Speaking at a conference focusing on zero dollars tourism, last week, ATTA Vice President Somchai Chomraka said the association agreed with the Ministry of Tourism and Sports’ policy, but asked for more clarity on regulations.
ATTA claims that only a few of its members are guilty of organising tours that could be defined as zero-dollar tourism, but many of its members benefit from the free use of buses and commuter vans owned by gem stores and have reaped handsome profits from shopping commissions in the past.
The practice has been rife for decades across all tourist markets, not just Chinese tour groups. It originated in the 1970s when European inbound travel agencies extracted massive commissions from shops, restaurants, attractions and boat companies. Gems stores provided transport on condition the groups visited their shops during sightseeing trips. Tour leaders, guides and even company directors benefited from golden handshakes, gifts including gold and cars and annual cash bonuses based on the sales volume generated by their clients in partner shops.
“Although the so-called zero-dollar tour has impacted on the country’s tourism for decades, “ the ATTA vice president said, “tour operators, airlines, hotels and related tourism operators are asking for more clarity on the crackdown and the regulations…what are they? “We need to know how tour operators should conduct themselves so they do not violate the law?”
He added: “We also require more time to adjust our business plans and marketing strategies to run business and protect a potential loss of business.”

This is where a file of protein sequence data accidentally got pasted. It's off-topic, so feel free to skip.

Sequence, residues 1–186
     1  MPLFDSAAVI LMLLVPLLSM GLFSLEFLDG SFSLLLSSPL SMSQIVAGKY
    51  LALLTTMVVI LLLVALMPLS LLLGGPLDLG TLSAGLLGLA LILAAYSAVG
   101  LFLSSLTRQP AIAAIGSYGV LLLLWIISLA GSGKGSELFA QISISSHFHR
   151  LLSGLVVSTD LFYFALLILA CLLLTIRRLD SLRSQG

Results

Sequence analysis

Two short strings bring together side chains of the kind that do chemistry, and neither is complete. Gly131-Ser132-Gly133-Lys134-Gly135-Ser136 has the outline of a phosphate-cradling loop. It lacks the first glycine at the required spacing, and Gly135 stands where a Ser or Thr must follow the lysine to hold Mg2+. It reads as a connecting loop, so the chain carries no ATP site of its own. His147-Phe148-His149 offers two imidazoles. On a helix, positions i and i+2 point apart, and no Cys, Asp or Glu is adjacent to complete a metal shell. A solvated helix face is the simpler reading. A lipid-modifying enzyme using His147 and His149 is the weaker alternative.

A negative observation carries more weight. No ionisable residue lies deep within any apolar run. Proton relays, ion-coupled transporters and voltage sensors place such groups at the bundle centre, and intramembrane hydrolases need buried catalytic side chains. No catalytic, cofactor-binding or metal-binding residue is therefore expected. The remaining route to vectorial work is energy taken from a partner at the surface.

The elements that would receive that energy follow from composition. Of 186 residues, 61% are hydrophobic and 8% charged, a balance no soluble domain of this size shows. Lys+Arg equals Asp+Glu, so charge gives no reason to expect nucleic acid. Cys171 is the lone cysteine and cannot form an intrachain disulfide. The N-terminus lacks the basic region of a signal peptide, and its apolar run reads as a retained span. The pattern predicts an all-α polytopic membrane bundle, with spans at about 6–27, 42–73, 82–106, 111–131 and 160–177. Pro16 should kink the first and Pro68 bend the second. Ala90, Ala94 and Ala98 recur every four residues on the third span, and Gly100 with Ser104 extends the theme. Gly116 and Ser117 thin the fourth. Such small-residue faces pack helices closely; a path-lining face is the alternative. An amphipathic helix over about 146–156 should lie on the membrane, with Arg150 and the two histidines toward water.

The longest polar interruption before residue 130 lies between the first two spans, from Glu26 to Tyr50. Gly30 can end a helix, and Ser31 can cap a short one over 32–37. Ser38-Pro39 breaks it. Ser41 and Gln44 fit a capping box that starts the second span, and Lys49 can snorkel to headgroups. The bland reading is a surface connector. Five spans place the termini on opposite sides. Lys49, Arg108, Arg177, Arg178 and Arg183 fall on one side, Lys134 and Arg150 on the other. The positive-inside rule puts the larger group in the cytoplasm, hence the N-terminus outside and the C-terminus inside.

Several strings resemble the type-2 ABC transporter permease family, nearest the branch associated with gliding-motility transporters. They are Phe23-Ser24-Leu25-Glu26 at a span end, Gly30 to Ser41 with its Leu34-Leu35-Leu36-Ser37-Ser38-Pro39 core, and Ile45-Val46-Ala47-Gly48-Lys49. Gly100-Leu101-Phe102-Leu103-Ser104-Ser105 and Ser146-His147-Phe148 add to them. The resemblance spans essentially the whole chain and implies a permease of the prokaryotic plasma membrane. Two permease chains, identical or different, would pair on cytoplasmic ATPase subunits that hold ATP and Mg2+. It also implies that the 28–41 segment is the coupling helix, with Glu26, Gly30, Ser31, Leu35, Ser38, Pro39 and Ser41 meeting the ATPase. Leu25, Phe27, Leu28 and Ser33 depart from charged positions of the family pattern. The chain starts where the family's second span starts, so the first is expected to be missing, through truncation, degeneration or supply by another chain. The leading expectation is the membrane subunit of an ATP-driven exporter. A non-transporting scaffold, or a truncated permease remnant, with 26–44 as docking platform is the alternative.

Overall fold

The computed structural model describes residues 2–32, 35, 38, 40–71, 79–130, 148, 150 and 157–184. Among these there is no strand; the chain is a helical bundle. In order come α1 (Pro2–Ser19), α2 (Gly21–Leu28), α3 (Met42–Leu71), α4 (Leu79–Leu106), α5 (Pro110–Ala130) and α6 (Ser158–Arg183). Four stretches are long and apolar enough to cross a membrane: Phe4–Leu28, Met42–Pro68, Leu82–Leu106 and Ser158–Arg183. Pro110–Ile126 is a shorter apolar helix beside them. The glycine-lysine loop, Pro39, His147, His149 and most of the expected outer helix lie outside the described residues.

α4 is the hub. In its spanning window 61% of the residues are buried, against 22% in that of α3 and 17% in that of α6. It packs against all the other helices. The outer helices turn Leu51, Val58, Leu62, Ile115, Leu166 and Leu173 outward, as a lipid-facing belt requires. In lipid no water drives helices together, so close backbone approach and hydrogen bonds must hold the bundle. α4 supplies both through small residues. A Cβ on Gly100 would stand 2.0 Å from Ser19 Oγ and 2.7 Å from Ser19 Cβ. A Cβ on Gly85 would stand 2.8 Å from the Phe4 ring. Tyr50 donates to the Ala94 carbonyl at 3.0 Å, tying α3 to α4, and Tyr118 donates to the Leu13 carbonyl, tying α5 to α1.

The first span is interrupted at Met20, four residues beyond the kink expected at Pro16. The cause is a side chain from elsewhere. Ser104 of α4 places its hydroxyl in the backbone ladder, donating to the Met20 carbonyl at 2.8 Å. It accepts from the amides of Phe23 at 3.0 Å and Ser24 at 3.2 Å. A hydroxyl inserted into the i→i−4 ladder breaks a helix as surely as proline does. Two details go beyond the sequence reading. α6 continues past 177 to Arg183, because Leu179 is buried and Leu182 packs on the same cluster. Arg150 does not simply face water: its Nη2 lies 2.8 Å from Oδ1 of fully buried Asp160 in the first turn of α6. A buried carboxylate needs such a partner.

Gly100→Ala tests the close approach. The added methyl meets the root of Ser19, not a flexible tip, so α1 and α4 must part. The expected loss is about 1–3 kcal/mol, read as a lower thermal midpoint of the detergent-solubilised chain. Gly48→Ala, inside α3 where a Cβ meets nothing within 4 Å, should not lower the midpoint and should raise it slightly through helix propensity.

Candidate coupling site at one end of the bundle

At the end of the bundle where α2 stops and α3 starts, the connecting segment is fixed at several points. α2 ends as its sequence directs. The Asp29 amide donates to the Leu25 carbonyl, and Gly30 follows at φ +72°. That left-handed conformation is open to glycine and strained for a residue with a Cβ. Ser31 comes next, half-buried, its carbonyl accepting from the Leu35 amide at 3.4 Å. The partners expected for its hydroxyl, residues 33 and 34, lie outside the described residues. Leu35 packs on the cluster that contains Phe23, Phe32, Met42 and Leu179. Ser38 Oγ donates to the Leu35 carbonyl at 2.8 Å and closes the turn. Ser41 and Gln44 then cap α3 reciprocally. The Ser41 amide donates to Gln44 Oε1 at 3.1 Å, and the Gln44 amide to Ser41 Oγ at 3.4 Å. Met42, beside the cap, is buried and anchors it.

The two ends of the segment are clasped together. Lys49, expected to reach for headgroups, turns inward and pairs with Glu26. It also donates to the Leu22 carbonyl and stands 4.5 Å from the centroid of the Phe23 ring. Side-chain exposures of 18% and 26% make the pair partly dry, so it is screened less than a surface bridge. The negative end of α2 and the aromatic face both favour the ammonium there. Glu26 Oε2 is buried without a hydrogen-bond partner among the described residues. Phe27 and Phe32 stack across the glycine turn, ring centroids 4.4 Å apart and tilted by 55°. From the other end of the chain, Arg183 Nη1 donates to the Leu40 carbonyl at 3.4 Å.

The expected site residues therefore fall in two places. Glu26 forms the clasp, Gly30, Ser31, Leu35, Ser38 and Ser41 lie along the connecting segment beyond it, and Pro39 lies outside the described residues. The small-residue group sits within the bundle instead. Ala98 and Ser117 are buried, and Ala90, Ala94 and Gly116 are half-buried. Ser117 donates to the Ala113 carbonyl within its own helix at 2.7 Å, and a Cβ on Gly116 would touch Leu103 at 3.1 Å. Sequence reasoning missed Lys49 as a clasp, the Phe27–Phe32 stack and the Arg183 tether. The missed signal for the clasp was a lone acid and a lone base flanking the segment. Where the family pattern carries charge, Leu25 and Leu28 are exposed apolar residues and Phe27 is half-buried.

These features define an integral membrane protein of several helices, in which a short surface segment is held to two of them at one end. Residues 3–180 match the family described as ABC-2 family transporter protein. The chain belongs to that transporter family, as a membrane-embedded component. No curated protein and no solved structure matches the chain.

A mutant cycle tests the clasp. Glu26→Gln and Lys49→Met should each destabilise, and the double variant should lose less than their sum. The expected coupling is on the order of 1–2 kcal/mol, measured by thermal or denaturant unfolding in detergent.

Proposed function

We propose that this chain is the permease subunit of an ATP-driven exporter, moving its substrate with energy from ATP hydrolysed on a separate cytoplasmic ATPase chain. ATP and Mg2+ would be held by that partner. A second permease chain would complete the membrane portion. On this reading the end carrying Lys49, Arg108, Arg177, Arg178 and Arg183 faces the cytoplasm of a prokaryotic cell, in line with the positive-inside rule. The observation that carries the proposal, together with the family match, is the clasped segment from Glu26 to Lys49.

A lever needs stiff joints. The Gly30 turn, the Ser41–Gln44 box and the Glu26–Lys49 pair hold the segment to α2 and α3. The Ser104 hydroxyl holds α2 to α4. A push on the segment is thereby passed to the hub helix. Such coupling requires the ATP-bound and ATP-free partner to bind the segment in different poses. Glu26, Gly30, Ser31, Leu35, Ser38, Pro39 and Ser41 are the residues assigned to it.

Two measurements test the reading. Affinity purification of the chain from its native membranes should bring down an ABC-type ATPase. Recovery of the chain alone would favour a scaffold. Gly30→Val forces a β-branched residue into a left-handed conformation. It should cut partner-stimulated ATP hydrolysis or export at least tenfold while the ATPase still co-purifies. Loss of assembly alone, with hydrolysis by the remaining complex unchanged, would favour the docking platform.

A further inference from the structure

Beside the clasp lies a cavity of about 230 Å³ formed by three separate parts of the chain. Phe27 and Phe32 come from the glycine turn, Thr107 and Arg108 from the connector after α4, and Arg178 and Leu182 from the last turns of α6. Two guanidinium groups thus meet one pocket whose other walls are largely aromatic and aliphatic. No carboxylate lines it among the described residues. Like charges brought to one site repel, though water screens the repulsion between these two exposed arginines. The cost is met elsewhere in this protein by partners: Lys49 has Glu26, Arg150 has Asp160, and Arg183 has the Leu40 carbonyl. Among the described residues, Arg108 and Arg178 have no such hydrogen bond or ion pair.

ATTA secretary, Adith Chairattananon, said the ministry crackdown would cause a decline of 50% to 70% in travellers using tour operators this month.
This suggests the problem of zero-dollar or commission tours is far more widespread than even the government imagined. A drop of 50% to 70% in tourists using travel agencies would represent a loss of 150,000 travellers a month.
He warned there would be flight cancellations from Chinese airlines like Air China, China Eastern Airlines and China Southern Airlines of around 20% to 30% this month. Plans to open services from secondary cities such as Wuhan, Changsha and Shantou to Thailand would be cancelled as bookings declined.
Meanwhile, hotel booking cancellation, particularly in Bangkok and Pattaya focusing on Chinese tour groups, would decline by 50% this month.
“The state should discuss and brainstorm with the private sector to reach an agreement on the clampdown policy…concrete official guidelines should be provided to tourism operators so they know how to conduct their business with partners,” the ATTA secretary claimed.
He stressed: “We agree with the crackdown, but need more time and an opportunity to take action and adjust strategy following the state policy.”
The fallacy is that Ministry of Tourism and Sports believes the commissions game only applies to the Chinese market. It is convenient to blame Chinese companies for all the tourism ills that blight Thailand’s tourism, but a full investigation would show the same principles also apply in other markets that involve travel companies.
Even in its mildest form, commission driven shop visits raise the cost of shopping for consumers by at least 30%.
Last year, ATTA identified three requirements for members handling tours from China to adopt in order to improve market quality.
They were: Do not abandon travellers on a tour to third parties; a Thai tour guide must be on the tour bus at all times; and ensure there are no threats or attempts to force tourists to buy products.
There are 350 ATTA members handling Chinese tourists.
In 2015, ATTA agents handled 3,033,950 Chinese travellers up 125.42% from 1,345,898 visits in 2014.
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